- Find a local Neurologist in your town
Migraine headache definition and facts
- Migraine headache is a result of specific changes within the brain. It causes severe head pain that is often accompanied by sensitivity to light, sound, or smells.
- Common symptoms include:
- Other types of headaches can also cause severe pain, and not all headaches are migraines. For example, some people describe the pain of cluster headaches as the worst pain they have experienced.
- The exact cause of migraines is not known. Changes in neurotransmitter levels within the brain are thought to play a role.
- Migraines are diagnosed by the typical clinical signs and symptoms.
- Migraines can be triggered by many factors, for example:
- Hormonal changes
- Strong stimuli like loud noises
- Certain foods
- Migraine treatment usually is with over-the-counter (OTC) or prescription drugs.
- Prescription medications used to relieve the pain of migraine include triptans (a class of drugs), for example:
- sumatriptan (Imitrex, Alsuma, Imitrex STATdose System, Sumavel DosePro, Zecuity, Treximet)
- rizatriptan (Maxalt, Maxalt-MLT)
- eletriptan (Relpax)
- zolmitriptan (Zomig, Zomig-ZMT)
- naratriptan Amerge)
- almotriptan (Axert)
- frovatriptan (Frova)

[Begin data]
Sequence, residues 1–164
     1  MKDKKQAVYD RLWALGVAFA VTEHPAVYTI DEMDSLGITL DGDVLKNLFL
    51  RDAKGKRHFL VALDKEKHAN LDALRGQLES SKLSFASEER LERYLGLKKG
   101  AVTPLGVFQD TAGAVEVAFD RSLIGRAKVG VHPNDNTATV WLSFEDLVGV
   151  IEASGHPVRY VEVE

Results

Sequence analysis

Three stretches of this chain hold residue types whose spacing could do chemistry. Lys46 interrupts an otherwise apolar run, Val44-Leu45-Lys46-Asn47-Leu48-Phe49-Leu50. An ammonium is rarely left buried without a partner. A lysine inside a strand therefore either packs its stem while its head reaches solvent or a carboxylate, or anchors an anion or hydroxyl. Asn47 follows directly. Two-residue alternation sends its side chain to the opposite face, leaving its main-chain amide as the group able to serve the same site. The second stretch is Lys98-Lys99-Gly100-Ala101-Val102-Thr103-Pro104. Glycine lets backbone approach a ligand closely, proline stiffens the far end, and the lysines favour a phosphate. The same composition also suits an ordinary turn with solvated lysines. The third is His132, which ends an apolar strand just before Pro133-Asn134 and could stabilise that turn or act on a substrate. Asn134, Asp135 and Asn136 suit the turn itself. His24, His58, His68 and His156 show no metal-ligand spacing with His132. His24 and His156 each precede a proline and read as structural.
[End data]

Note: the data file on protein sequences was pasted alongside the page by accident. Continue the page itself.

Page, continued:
- Lifestyle changes like eating a healthy diet and getting exercise may help reduce the frequency of your attacks.
- Try to avoid any foods that trigger your migraines. It also may reduce the frequency of attacks.
- Some people find that exercises, for example yoga, promote muscle relaxation are helpful in managing severe pain.
- Most people with migraines usually are able to manage their condition with a combination of medications and lifestyle changes.
- Some people may need prescription medications to decrease the frequency of headaches.
What is a migraine headache?
Although many people use the term "migraine" to describe any severe headache, a migraine headache is the result of specific physiologic changes that occur within the brain and lead to the characteristic pain and associated symptoms of a migraine.
Migraine headaches usually are associated with sensitivity to sound, light, and smells. Some people have symptoms of nausea or vomiting. This type of headache often involves only one side of the head, but in some cases, patients may experience pain bilaterally or on both sides. The pain of a migraine is often described as throbbing or pounding and it may be made worse with physical exertion.
Not all headaches represent migraines, and migraine is not the only condition that can cause severe and debilitating headaches. For example, cluster headaches are very severe headaches that affect one side of the head in a recurrent manner (occurring in a "cluster" over time). The pain is sometimes described as "drilling," and can be worse than migraine pain in some cases. Cluster headaches are less common than migraine.
Tension headaches are a more common cause of headache. These occur due to contraction of the muscles of the scalp, face, and neck.